Tuesday, 22 June 2010
'Please Give' review: Intelligently written drama with moments of black comedy...
There is a new Splendor Podcast up now (on iTunes and the Picturehouse website). Episode 18 sees Jon and I discussing the Spanish thriller ‘Hierro’, before taking a look at two quirky American indie films: ‘Greenberg’ and ‘Please Give’. At the time of recording I hadn’t seen ‘Please Give’, but after Jon’s recommendation (given as far back as February after a screening at Berlinale) I had to go and see the film for myself.
Watching the trailer for Nicole Holofcener's 'Please Give' I got the impression I would be going to see a comedy about the affectations of upper-middle class New Yorkers in the vein of Woody Allen. In fact Catherine Keener's Kate, full of well-meaning liberal guilt, recalls Goldie Hawn's Steffi in Allen's 1996's musical comedy 'Everyone Says I Love You'. Add to that the presence of Rebecca Hall whose most famous role up to now was in another Woody Allen film: ‘Vicky Christina Barcelona’. However, upon seeing the film I found something far less comic and far less full of snappy one-liners than the trailer seemed to suggest.
Aside from the lack of jokes, ‘Please Give’ is also markedly different from most Allen films in that the characters are not judged. Usually the Woody Allen character (often, in recent times, played by a surrogate Woody) critiques the other characters, informing the audience what to make of their pretensions and affectations. In ‘Please Give’ people are hyper-critical of themselves, but infidelity and callousness are not punished in Holofcener’s script. Instead they are presented with touching humanity.
‘Please Give’ is occasionally amusing (as when Kate mistakes a restaurant patron for a homeless man and offers him leftovers), but it is often more sad then it is funny. There is a lot of weeping and many pained expressions here. What humour there is is subtle and occasionally quite dark. Happily, the likes of Keener and Hall are joined by Oliver Platt and Amanda Peet in a cast that really understand this material. Keener is perhaps best known for her bitchy, alpha-female Maxine in Spike Jonze’s ‘Being John Malkovich’, but her character here is much gentler but no less convincing. Keener really is a fantastic actress. An assessment obviously shared by Holofcener as this is her fourth film working with Keener. It is also nice to see the likes of Platt and Peet given good roles here as both are often seen in rubbish or playing bit parts.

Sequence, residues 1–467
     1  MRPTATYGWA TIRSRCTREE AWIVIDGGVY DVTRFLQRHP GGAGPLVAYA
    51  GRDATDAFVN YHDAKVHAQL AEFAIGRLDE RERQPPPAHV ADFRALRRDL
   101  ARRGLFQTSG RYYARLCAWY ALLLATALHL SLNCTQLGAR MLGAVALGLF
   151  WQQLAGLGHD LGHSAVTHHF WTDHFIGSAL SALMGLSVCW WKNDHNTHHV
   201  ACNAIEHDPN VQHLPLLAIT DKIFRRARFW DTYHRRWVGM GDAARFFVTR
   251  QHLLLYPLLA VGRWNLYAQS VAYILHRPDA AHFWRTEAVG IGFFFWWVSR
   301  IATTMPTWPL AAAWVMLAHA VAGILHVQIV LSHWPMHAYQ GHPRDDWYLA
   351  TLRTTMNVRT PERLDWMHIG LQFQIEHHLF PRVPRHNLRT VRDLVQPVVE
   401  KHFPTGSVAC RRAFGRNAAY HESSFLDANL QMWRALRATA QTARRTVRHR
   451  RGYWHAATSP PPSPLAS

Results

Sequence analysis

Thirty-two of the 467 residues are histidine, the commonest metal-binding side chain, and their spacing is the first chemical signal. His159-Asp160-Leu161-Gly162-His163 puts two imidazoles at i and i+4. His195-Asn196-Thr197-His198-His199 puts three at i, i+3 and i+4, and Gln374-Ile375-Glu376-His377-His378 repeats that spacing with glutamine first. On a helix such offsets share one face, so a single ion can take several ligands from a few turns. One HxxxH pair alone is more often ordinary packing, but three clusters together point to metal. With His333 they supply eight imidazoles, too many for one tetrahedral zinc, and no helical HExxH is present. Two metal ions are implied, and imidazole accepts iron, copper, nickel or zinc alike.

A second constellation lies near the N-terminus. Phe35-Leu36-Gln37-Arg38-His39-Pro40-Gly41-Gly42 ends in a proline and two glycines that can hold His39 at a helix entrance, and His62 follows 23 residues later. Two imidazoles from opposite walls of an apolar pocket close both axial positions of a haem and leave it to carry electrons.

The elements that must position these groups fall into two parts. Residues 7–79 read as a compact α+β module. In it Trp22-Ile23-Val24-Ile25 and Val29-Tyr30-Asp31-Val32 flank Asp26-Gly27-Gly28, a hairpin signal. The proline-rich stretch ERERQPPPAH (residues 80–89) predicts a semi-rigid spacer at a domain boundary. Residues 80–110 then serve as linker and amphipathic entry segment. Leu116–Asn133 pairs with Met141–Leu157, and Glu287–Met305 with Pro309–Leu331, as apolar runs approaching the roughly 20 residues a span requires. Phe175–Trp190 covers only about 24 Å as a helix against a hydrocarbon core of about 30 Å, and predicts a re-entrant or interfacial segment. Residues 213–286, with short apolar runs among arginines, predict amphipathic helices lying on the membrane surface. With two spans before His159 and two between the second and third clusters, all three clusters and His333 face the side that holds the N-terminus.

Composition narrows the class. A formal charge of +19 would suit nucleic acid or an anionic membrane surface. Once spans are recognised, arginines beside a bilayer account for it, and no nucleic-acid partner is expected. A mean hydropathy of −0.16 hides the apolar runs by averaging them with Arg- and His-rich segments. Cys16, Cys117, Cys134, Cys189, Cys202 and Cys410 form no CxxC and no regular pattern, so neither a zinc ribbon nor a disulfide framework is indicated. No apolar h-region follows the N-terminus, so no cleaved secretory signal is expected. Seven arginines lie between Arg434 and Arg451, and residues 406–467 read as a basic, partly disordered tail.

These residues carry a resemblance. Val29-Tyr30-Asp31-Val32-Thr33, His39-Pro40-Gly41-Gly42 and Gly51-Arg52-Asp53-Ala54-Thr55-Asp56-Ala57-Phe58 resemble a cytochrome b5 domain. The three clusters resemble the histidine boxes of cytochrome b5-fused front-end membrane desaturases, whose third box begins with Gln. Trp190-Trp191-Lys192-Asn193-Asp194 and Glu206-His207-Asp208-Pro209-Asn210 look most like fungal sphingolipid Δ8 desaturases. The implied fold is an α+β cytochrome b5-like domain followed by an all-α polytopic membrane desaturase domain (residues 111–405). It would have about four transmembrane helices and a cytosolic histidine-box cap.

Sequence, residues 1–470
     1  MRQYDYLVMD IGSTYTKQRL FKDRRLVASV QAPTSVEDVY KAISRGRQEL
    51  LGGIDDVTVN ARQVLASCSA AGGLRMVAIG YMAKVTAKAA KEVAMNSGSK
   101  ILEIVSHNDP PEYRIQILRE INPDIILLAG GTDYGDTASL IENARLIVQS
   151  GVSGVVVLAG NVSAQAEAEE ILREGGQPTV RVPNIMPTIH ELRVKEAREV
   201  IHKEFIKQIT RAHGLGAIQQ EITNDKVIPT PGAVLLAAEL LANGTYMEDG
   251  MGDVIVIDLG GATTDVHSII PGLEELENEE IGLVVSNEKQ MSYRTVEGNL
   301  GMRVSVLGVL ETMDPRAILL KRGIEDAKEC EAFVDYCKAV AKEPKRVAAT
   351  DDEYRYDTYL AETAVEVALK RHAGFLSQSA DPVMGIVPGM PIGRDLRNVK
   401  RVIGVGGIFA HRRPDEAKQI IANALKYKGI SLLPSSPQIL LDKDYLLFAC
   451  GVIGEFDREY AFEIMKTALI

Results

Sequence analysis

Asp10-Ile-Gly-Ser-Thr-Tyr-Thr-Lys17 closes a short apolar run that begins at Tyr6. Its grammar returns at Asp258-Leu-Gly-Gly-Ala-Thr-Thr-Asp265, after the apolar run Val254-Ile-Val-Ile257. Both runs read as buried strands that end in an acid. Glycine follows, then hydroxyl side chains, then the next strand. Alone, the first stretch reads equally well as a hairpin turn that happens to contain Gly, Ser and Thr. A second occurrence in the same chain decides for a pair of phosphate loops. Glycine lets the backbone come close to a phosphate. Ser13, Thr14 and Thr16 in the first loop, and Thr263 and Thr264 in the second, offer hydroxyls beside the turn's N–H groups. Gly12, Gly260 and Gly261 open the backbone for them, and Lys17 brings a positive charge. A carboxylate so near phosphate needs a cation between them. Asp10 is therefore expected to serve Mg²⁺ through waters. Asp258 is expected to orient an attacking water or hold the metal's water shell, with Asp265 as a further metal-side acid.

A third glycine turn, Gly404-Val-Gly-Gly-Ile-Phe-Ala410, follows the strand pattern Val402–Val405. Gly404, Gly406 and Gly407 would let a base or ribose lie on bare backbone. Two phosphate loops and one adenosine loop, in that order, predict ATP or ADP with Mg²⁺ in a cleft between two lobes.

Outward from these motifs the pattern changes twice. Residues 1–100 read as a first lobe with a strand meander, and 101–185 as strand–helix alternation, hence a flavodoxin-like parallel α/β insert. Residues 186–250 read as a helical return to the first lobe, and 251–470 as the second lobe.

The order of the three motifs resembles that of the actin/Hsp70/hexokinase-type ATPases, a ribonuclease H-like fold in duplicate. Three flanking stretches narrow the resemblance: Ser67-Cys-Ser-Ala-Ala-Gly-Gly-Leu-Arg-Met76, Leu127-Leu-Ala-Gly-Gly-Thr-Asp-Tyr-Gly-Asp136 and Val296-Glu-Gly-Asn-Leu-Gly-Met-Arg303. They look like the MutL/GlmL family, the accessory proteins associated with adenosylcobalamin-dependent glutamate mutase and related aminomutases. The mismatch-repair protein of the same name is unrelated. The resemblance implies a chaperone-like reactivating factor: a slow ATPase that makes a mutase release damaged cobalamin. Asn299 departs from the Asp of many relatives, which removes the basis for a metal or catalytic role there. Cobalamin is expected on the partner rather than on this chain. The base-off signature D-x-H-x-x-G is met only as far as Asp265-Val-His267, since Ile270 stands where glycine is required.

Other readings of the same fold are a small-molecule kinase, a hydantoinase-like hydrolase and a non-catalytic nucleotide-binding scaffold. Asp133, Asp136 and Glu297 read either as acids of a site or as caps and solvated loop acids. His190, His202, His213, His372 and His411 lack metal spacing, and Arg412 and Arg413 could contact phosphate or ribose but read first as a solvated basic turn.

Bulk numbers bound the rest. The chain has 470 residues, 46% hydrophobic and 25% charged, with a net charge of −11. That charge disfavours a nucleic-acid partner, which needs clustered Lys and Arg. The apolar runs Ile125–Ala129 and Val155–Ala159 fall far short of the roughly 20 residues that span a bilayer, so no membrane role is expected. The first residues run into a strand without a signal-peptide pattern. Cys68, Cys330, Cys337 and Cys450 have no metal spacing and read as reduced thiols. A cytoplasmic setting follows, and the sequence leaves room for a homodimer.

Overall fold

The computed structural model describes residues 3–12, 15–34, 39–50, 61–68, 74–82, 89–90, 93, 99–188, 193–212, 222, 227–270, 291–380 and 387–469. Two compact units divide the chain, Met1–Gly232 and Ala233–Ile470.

For me, the real star of the show is Rebecca Hall. Her character (also called Rebecca) is, in many ways, the emotional centre of the film and easily provides the most poignant moments. Hall plays an American here and does so effortlessly. In fact, I completely forgot she was English until after the movie. The film is also really accurate in its portrayal of the elderly. Ann Guilbert plays a brilliantly direct (“you’ve put on weight”) and stubborn 91 year-old lady who rings very true.
The film works best as an allegory for the role of charity in capitalist society. Keener’s Kate makes her money from buying furniture from the bereaved at a low price and selling it on for thousands of dollars. Out of guilt for her lifestyle, Kate gives to every homeless person she sees, neglecting her own family’s needs: especially those of her insecure daughter (played by Sarah Steele, a more convincing teenager than most in the movies). Kate’s guilt leads her volunteer helping the elderly and children with Down syndrome. However, she is quickly dismissed in both instances, as she is incapable of actually helping these people as she bursts into tears at their (imagined) plight. Like most affluent, middle-class people, Kate feels guilt for her lifestyle which she tries to address with the quick and easy giving of money, but not with actually addressing the root cause of problems. Kate will not give up her lifestyle because somebody else would just take her place ripping people off.
There is a lot going on in ‘Please Give’, which is easily one of this year’s most intelligent screenplays. Each character is multi-layered and has an interesting story. I won’t go into each one here. Overall, I found the film could have done with a little more humour. Personally, I always find that the films of people Wes Anderson and Noah Baumbach are more emotionally affecting because there is light and shade at all times. Moments of sadness often sit alongside moments of humour. In ‘Please Give’ there is a film which (despite nice moments of comedy) is predominantly focussed on being sad and dramatic. This is fine and the film is very good (well deserving of a second viewing), however it did not hit me on a really emotional level or have me laughing out loud.
'Please Give' is out now on a shockingly wide release for a film without big-name stars. It is rated '15' by the BBFC.